UN senior official welcomes arrival of female police contingent in Cote d'Ivoire
|Publisher||UN News Service|
|Publication Date||14 December 2012|
|Cite as||UN News Service, UN senior official welcomes arrival of female police contingent in Cote d'Ivoire, 14 December 2012, available at: http://www.refworld.org/docid/50d0449b2.html [accessed 12 February 2016]|
|Disclaimer||This is not a UNHCR publication. UNHCR is not responsible for, nor does it necessarily endorse, its content. Any views expressed are solely those of the author or publisher and do not necessarily reflect those of UNHCR, the United Nations or its Member States.|
The United Nations top police official today welcomed the arrival of a contingent of female police officers to the world body's peacekeeping missing in Côte d'Ivoire.
"The Police Division welcomes this contingent of highly qualified female officers. The goal of the United Nations, since 2009, is to have at least 20 per cent of our police service female by the end of 2014," the UN Police Adviser, Ann-Marie Orler, told the UN News Centre.
"We are only half-way there globally and in Côte d'Ivoire, but more deployments like this will make it possible," she added.
The contingent of 15 female police officers from Rwanda is the first formed police unit to serve with the UN Operation in Côte d'Ivoire (UNOCI) since it was established in 2004 by the Security Council to facilitate the peace process in the country, which was split by civil war in 2002 into a rebel-held north and Government-controlled south.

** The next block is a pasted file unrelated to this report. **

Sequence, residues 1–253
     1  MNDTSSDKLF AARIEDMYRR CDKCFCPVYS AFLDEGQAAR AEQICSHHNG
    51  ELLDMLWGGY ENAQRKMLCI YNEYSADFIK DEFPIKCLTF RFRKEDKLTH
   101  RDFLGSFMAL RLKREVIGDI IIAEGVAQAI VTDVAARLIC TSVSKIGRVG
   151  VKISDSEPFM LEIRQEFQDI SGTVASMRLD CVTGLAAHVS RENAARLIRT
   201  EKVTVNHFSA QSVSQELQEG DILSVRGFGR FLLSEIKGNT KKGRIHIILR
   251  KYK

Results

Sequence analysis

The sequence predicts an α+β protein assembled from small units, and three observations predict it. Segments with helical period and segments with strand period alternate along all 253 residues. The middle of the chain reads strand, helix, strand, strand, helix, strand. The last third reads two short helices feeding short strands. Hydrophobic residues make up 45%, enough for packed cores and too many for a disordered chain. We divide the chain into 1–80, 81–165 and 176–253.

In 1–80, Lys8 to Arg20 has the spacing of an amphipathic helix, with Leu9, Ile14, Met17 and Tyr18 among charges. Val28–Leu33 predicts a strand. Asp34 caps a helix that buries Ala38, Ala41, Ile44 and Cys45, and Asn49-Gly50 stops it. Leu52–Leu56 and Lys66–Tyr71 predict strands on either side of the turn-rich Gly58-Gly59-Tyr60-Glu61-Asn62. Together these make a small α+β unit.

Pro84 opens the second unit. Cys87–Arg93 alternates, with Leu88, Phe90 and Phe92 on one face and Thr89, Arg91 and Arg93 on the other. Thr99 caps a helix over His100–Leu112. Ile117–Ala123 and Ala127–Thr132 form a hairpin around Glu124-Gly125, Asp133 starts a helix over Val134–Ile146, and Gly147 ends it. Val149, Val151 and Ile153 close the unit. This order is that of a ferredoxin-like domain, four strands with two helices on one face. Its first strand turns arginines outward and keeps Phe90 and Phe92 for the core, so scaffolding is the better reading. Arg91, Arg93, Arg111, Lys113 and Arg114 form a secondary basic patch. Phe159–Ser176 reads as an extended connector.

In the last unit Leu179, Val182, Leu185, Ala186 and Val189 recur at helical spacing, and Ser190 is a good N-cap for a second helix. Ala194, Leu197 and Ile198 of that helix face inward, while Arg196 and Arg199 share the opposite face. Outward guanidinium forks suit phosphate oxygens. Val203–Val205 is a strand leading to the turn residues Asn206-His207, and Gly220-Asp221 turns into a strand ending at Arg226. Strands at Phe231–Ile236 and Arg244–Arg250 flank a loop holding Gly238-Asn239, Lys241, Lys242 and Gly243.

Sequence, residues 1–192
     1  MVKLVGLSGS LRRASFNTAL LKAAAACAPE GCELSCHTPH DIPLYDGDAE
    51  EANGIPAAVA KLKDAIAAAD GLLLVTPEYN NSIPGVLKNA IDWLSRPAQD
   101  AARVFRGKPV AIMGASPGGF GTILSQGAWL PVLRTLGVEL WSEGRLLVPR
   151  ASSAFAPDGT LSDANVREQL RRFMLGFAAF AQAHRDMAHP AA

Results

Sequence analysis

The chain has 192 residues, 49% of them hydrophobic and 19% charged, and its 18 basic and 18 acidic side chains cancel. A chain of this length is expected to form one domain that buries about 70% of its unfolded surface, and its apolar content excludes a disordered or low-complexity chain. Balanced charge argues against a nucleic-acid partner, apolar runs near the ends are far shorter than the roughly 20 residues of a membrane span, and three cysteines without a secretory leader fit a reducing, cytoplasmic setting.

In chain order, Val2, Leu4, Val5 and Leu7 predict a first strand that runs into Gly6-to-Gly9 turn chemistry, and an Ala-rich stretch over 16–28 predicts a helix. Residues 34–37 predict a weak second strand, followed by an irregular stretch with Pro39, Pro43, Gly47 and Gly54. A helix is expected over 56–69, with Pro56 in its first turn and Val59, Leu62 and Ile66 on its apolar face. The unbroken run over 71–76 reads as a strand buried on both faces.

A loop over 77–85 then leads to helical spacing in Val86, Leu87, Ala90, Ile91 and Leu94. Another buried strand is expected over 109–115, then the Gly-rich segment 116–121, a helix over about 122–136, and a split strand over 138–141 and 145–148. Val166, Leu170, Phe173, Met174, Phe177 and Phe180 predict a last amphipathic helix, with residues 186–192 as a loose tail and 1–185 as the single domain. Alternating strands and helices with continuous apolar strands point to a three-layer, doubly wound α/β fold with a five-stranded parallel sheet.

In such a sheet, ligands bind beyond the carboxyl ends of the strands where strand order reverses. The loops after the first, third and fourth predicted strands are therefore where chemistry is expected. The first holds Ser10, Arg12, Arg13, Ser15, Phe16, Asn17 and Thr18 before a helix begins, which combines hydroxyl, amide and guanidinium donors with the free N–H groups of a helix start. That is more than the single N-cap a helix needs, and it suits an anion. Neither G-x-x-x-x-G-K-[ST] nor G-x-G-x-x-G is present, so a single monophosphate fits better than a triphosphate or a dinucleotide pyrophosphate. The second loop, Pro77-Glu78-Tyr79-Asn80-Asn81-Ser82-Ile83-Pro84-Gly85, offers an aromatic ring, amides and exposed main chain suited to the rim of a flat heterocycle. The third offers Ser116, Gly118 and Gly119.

In the aftermath of the post-election violence that followed the 2010 presidential polls, the mission is assisting the West African nation with a number of key tasks, including the restoration of law and order, national reconciliation, the holding of legislative elections, and economic recovery.
The addition of the formed police unit brings the total number of police officers serving with UNOCI to 484, including 45 women with the arrival of the 15 Rwandan officers.
According to the UN Police Division, the world body's policing activities have expanded rapidly over the last decade.
Not only has the United Nations almost tripled the number of police authorized for deployment – from less than 6,000 to more than 17,500 – but UN police mandates have also become more multi-dimensional, including roles such as safeguarding law and order while facilitating the launch of domestic police services, as well as more traditional role of advising and mentoring.
"I very much hope that other Members States will continue to increase the number of female officers that they deploy," Ms. Orler added.